According to a recent announcement by Singapore’s finance minister, Mr. Tharman Shanmugaratnam, it will be mandatory for existing Qualifying Full Banks (QFB) which are important to the domestic market in Singapore to incorporate their retail operations. The move is said to better protect depositors and in turn bolster Singapore’s financial stability at a time of growing financial volatility.
Rikvin, which has helped many financial services firms with Singapore company incorporation, is optimistic that a diverse presence of international financial institutions and global connectivity will main key strengths of Singapore’s financial center. “A majority of foreign banks here operate as Singapore subsidiary companies or branches, taking advantage of the cost efficiencies here. Singapore incorporation will send a signal to depositors that their banks are committed to them and will be around to better protect and provide peace of mind to them,” said Mr. Satish Bakhda, Rikvin’s Head of Operations.
An indicator of importance to the domestic market will be the share of bank’s domestic deposits. MAS said that it is evaluating other factors that may be relevant to individual QFBs and will consult them on the criteria for Singapore incorporation. Furthermore, a significantly rooted bank will be determined by both qualitative and quantitative attributes including:
- the bank is locally incorporated with majority Singaporean/PR board representation, and what types of businesses are conducted by the locally incorporated entity;
- Singapore is one of the major markets for the bank group, constituting a substantial part of group profits and assets;
- major business lines and key decision makers are headquartered in Singapore; and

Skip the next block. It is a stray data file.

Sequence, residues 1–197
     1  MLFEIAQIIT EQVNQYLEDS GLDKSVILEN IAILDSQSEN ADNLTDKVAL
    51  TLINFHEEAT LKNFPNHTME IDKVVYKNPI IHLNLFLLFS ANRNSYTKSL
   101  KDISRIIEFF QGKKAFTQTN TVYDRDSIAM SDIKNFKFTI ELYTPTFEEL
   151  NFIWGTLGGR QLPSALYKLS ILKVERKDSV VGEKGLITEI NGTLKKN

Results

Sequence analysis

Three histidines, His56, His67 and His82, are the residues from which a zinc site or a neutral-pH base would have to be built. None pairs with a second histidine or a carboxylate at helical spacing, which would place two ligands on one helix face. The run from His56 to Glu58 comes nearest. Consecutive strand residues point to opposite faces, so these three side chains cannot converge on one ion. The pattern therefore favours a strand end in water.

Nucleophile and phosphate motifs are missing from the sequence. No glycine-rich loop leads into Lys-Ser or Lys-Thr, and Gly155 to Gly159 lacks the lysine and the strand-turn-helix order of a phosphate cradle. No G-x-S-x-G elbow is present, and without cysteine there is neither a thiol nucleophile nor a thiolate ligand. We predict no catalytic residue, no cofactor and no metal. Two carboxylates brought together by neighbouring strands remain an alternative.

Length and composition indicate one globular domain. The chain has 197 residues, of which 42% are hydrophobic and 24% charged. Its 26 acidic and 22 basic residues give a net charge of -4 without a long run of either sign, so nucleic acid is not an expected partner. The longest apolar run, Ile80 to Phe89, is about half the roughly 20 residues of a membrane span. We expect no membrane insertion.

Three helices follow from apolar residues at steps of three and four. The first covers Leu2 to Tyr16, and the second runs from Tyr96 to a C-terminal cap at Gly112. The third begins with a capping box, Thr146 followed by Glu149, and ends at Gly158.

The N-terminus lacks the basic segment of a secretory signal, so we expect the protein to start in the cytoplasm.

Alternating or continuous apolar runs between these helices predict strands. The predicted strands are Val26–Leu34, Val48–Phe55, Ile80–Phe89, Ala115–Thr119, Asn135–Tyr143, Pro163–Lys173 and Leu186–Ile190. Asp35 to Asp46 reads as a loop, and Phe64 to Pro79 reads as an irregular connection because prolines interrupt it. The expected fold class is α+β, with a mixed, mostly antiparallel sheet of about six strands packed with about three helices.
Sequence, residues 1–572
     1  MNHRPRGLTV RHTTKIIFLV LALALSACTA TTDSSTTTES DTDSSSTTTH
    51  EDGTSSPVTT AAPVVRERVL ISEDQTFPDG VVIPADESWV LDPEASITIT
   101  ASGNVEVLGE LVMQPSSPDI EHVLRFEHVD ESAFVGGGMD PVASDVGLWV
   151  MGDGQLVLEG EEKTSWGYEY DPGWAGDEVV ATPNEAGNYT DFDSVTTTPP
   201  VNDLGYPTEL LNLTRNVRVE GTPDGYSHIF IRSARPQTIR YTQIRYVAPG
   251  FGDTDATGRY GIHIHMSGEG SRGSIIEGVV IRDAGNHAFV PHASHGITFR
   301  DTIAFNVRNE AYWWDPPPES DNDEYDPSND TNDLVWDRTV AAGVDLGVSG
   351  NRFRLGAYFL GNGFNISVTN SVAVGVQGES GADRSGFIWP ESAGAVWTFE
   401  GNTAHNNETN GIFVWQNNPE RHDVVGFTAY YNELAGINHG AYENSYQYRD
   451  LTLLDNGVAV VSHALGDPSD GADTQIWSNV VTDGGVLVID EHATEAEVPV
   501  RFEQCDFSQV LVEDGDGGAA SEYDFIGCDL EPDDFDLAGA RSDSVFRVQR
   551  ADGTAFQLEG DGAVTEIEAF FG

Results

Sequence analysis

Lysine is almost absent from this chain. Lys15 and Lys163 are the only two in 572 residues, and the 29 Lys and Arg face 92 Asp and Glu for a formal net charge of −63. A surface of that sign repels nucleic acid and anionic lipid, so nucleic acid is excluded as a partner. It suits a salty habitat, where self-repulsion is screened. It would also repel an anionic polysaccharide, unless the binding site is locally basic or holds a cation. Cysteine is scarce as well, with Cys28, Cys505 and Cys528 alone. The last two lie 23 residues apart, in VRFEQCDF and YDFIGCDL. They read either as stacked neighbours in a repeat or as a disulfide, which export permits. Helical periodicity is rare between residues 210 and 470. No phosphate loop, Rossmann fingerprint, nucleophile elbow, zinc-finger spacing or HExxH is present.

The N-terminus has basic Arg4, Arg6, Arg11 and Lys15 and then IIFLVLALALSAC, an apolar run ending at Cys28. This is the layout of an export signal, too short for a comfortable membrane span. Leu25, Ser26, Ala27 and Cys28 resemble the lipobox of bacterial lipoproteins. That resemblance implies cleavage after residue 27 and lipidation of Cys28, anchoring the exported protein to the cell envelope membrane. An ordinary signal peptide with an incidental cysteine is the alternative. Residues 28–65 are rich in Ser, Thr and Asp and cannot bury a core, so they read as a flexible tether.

- the bank serves a comprehensive spectrum of the local community in Singapore.
QFB privileges granted to international banks in Singapore have been one of the key features of the country’s banking liberalization. There are 8 QFBs today, representing a twofold increase since 1999. The places of business for QFBs have also increased from 10 in 1999 to 25 today. For a very small number of significantly rooted QFBs, MAS will consider granting an additional 25 places of business, of which up to 10 may be Singapore branches. This will be a part of an overall package negotiated with the home countries of these QFBs which are free trade agreement partners with Singapore.
“As communicated by Mr. Tharman,being significantly rooted entails both additional privileges as well as responsibilities to contribute to the stability of the Singapore financial system. MAS will consider awarding new QFBs only under FTAs where there are substantial benefits to Singapore. New QFBs that are granted under future FTA offers will have to be locally incorporated before they may establish up to 25 places of business,” informed Mr. Satish Bakhda, Rikvin’s Head of Operations.
“Meanwhile, local incorporation can also bring benefits to a bank with significant retail presence. Liquidity rules under Basel III will require long-term stable sources of funding to comprise a larger share of a bank’s total funding. Competition for deposits is expected to intensify, and banks that can attract stable funding will gain an advantage. Local incorporation can therefore demonstrate a bank’s long-term commitment to depositors and other stakeholders in a world of heightened volatility and uncertainty,” concluded Mr. Bakhda.